A new study suggests that women aged 40 to 60 with asthma are admitted to hospital more than twice as often as males in the same age group.
Drawing on a decade’s worth of data from the National Inpatient Sample databases, researchers from New York’s Downtown Hospital and Weill Cornell Medical College found that for all of the years in the study (2000-2010), the ratio of female-to-male asthma patients in hospital peaked around the fifth and sixth decade of life, with the females outnumbering the males by more than two to one. This association remained even after other factors were taken into account, such as obesity, smoking, insurance status and more.
“There is a striking propensity of women in their fifth to sixth decades of life to be admitted for asthma,” the authors of the study concluded.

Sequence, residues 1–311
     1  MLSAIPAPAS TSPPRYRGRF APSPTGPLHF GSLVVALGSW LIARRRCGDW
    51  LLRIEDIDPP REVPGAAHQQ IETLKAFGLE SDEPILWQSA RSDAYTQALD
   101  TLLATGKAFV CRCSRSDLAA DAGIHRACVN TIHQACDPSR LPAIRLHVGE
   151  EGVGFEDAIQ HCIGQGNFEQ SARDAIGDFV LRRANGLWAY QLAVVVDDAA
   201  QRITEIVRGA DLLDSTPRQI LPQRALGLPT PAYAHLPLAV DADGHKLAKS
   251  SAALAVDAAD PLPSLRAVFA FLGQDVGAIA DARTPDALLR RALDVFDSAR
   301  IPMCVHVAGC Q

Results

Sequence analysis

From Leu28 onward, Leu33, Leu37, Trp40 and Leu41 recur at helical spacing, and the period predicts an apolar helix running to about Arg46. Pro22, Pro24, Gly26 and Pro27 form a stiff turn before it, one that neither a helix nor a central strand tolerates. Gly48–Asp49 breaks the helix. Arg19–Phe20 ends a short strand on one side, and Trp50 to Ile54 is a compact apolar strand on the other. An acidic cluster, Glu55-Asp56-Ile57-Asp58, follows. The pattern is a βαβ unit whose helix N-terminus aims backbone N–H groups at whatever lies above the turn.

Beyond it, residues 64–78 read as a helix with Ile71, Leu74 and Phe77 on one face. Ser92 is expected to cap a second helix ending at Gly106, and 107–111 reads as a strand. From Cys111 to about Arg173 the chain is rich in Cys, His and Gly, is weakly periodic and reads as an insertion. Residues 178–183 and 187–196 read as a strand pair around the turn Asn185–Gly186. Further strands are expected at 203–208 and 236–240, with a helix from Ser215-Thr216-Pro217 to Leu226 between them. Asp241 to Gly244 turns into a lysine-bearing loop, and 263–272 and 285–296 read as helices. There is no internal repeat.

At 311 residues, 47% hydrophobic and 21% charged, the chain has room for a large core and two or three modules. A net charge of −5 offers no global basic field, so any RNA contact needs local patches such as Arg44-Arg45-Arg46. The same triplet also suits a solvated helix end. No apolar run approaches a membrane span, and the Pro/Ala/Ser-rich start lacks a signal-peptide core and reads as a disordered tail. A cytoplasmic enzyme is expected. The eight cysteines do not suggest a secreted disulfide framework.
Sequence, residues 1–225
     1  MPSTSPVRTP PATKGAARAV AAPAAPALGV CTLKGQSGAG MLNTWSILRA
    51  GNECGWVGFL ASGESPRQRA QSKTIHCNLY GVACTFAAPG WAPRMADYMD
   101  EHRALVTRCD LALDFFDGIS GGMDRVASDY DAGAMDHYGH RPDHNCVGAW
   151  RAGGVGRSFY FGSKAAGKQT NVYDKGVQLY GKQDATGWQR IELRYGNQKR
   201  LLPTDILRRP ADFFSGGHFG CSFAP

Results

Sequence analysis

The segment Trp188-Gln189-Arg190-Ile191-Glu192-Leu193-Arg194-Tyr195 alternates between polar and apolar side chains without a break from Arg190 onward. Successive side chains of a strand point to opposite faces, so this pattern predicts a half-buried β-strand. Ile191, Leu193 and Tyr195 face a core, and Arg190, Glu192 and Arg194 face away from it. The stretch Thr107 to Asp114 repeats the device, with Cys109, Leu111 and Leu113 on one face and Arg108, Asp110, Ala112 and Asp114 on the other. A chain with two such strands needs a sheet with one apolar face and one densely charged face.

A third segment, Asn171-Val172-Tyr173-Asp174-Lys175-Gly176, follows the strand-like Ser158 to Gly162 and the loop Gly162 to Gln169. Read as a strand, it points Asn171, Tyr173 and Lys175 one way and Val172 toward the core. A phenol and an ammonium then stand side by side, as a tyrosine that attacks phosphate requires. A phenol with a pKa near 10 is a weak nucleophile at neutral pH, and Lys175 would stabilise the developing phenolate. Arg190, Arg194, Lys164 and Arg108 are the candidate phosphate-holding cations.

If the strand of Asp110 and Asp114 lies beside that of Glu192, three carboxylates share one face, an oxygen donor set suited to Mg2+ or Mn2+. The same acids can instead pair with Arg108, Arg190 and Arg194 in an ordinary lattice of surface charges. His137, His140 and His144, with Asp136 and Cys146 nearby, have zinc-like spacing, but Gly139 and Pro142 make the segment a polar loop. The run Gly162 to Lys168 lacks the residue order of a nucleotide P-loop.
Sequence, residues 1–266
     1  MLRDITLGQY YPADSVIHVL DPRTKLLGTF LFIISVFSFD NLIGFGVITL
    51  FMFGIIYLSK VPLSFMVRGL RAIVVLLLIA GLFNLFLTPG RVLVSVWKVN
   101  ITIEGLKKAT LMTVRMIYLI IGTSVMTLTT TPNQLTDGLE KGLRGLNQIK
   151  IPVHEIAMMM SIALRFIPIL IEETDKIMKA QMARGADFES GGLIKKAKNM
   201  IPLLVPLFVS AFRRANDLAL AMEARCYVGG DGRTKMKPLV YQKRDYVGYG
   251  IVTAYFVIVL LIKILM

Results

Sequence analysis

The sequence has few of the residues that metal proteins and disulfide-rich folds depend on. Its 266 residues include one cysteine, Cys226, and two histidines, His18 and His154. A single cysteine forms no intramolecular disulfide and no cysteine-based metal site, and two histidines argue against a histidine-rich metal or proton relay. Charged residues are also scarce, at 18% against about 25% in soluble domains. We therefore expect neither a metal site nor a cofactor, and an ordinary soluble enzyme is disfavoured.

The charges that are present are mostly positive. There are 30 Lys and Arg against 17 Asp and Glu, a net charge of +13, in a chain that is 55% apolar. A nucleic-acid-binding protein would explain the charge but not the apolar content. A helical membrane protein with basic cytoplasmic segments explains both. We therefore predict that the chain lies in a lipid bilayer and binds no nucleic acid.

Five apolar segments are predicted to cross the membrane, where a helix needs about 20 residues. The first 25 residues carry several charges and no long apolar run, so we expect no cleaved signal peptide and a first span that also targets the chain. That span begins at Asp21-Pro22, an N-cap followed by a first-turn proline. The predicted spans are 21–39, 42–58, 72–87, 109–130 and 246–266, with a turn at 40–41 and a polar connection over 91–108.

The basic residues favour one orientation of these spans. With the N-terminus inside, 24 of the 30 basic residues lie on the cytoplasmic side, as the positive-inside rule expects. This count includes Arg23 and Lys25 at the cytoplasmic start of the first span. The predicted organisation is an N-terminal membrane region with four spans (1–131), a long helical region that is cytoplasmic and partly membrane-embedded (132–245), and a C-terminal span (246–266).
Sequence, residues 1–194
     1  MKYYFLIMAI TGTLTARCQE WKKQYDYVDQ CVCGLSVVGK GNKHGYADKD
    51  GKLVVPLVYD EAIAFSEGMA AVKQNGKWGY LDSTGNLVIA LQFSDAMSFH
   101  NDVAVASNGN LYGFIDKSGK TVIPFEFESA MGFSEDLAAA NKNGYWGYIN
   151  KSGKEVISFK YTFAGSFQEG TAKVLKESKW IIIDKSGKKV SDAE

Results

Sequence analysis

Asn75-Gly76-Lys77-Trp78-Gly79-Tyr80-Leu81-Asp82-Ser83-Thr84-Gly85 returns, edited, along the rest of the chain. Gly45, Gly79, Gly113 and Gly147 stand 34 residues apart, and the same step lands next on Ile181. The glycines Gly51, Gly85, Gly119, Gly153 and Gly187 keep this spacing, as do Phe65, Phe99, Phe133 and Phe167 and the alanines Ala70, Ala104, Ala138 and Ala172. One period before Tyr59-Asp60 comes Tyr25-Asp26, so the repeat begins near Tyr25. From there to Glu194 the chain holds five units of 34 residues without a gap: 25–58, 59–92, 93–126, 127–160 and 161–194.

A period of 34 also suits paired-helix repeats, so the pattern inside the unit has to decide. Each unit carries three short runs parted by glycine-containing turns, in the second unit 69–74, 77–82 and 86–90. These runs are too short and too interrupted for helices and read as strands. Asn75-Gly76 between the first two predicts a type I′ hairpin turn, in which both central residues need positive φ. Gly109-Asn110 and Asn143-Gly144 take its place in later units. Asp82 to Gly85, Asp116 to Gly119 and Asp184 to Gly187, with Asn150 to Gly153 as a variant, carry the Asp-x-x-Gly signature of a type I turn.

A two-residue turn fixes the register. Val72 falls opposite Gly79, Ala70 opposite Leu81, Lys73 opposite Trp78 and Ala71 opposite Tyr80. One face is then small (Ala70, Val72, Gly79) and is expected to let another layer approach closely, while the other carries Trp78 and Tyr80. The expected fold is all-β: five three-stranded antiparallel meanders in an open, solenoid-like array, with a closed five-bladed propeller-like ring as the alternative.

“Until puberty, boys have higher rates of asthma than girls,” Dr. Robert Yao-wen Lin, allergist and lead study author, said in a press release. “Then, during the menopausal years, women’s hospitalization rates are double those of men in the same age group. This could indicate that asthma may have distinct biological traits.”
The study did not attempt to explain why this trend occurs, but focused on demonstrating that such an association does in fact exist. Further studies will be required to find out why so many more women than men in their fifth and sixth decades of life are admitted to hospital for their asthma, and whether or not hormones have an impact.